Chocolate-Crunched Caramel Tart
Sweet Tart Dough:
1 1/2 cups all-purpose flour
1/2 cup confectioner's sugar
1/4 tsp salt
1 stick plus
1 tbsp unsalted butter (cut into small pieces and frozen) 1 large egg yolk
1/2 cup heavy cream
1/2 cup sugar, sifted
1 tbsp light corn syrup
2 tbsp salted butter (at room temperature and cut small)
a pinch salt if using unsalted butter
8 ounces bittersweet chocolate, finely chopped
1 cup plus 2 tbsp heavy cream
4 tbsp unsalted butter (at room temperature and cut small)
3/4 cup honey-roasted peanuts, coarsely chopped
To Make Sweet Tart Dough:
Put flour, confectioners' sugar and salt in food processor and pulse a few times to combine. Scatter pieces of butter over the dry ingredients and pulse until butter is coarsely cut in. Stir the yolk and add it a little at a time, pulsing after each addition. When the egg is in process in long pulses (about 10 seconds each) until the dough forms clumps. Turn the dough out onto a work surface and lightly knead to incorporate any dry ingredients. Butter a 9-inch fluted pan with a removable bottom. Press the dough evenly over the bottom and up the sides of the pan. You should save a little piece to do patchwork with later. The crust should still be crumbly, just be sure that the edges of the pieces cling to each other. Freeze the crust for at least 30 minutes, preferably longer, before baking. Butter the shiny side of a piece of aluminum foil and fit the foil, buttered side down, tightly against the crust. Place the tart on a baking sheet and bake in a preheated 375 degrees oven for 25 minutes (for a partially baked crust). To fully bake a crust (as in this tart), remove the foil, press down the crust slightly if it has puffed, and bake for another 8 minutes or so, until firm and golden brown.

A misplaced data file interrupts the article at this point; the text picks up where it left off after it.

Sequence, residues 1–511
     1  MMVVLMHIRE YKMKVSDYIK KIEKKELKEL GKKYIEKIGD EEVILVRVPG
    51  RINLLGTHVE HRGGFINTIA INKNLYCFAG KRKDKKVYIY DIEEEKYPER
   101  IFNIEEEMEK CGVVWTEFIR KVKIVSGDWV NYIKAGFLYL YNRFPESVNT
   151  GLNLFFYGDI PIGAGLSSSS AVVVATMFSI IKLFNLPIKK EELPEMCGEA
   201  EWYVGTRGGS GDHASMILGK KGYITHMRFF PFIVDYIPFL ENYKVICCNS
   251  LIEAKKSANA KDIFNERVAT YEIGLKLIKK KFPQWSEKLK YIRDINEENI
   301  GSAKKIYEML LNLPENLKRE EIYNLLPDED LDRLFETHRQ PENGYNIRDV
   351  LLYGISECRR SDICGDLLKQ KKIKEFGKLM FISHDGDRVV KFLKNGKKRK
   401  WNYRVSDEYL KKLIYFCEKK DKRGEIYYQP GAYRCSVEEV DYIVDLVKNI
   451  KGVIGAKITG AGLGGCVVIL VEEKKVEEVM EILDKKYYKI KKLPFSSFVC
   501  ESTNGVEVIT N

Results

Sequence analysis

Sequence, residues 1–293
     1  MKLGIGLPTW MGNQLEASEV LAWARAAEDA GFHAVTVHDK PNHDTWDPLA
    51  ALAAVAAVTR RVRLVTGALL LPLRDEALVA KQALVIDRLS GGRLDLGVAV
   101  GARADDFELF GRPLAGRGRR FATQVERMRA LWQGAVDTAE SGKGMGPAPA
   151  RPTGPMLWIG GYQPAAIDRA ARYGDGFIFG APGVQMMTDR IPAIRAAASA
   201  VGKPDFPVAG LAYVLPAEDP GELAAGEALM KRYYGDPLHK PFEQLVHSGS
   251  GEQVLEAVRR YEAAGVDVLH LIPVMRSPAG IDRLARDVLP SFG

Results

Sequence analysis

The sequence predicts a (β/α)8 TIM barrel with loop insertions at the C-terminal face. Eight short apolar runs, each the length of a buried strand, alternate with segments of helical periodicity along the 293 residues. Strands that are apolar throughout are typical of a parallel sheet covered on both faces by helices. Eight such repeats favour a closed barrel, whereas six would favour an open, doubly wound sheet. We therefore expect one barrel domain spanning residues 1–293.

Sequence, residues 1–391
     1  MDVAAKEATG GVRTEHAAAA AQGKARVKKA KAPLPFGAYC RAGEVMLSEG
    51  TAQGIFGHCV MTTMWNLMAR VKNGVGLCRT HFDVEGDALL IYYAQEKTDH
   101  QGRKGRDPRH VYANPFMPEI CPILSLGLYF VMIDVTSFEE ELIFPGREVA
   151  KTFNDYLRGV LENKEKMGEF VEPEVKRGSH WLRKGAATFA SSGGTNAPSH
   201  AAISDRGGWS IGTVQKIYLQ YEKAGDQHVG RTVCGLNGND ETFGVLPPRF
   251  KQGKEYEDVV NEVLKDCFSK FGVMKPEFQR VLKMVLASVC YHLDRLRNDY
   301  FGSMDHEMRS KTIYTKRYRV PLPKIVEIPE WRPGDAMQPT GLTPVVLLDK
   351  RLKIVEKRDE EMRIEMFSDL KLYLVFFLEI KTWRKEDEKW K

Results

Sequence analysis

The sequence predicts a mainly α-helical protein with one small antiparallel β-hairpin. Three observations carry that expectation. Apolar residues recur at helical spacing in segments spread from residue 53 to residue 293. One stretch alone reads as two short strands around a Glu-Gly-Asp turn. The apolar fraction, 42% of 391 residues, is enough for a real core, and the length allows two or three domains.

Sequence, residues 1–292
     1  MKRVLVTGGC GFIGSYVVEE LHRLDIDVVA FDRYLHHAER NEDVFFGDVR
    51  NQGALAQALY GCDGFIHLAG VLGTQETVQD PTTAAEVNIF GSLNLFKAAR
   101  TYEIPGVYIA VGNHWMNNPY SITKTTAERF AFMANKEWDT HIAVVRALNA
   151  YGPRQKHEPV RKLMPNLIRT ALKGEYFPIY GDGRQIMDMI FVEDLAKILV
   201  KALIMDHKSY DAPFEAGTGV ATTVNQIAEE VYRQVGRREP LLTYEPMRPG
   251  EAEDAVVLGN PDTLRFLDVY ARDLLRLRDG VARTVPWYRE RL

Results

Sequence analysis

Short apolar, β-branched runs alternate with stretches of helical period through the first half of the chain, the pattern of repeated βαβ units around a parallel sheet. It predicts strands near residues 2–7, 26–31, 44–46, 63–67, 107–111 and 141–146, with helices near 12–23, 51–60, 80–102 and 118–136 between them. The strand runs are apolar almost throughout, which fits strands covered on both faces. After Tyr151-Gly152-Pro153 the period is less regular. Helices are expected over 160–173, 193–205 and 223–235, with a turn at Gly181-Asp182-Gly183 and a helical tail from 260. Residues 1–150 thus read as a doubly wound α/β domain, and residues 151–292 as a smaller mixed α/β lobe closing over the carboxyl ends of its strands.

For the Caramel:
Bring the heavy cream to boil. In another skillet over medium heat, sprinkle in 3 tablespoons of sugar. When it melts, stir with a wooden spatula or fork and sprinkle over another 3 tablespoons. When that sugar has melted, add in another 2 tablespoons. Stir in corn syrup and boil teh syrup until it reaches a deep caramel color. Don't worry if it begins to smoke. Stand back from the skillet and add in butter and salt if you are using it. The caramel will bubble and sputter. When the butter is in, add the warm cream. The caramel will bubble again. Lower the temperature a bit and let the caramel boil for 2 minutes (candy thermometer should read 226 degrees F). Let cool.
For the Ganache:
Place the chopped chocolate in a heat proof bowl. Bring the heavy cream to boil and pour half of it over the chocolate, allowing it to sit for 30 seconds. Stir in concentric circles, starting in the center and working your way outward. Pour in the remaining half of the cream and blend in the chocolate until smooth. Add in the butter piece by piece, stirring just enough to blend the ingredients. The less you work it, the shinier, darker, and smoother the chocolate will be. Cover the ganache with a plastic wrap right up against the surface of the ganache. Set aside at room temperature or refrigerate if not using immediately.
Stir the chopped peanuts into the caramel. If the caramel has cooled too much and turned hard, gently warm it in the microwave for about 3 minutes. Spread the caramel in a thin layer over the bottom of the cooled tart shell. Refrigerate tart for 15 minutes to set the caramel layer. Pour the ganache over the caramel, making sure there are no air bubbles. Refrigerate assembled tart for 30 minutes (no longer) and keep at room temperature until serving time.
That recipe being said, I made a few changes. I made individual tartlettes, and used a different method for making the caramel. Mine is made with caramel candy and a touch of heavy bream, melted together. The resulting caramel will harden quite quickly upon cooling, so I just keep it in the pot I made it, and heat it up briefly before use. I also used pecans instead of peanuts. As for the tart crust, it was ok. I was a little nervous making it because the crust is so crumbly. It is very short-bread like, while I like a tighter, moister crust. The tart, or rather tartlettes, got good reviews.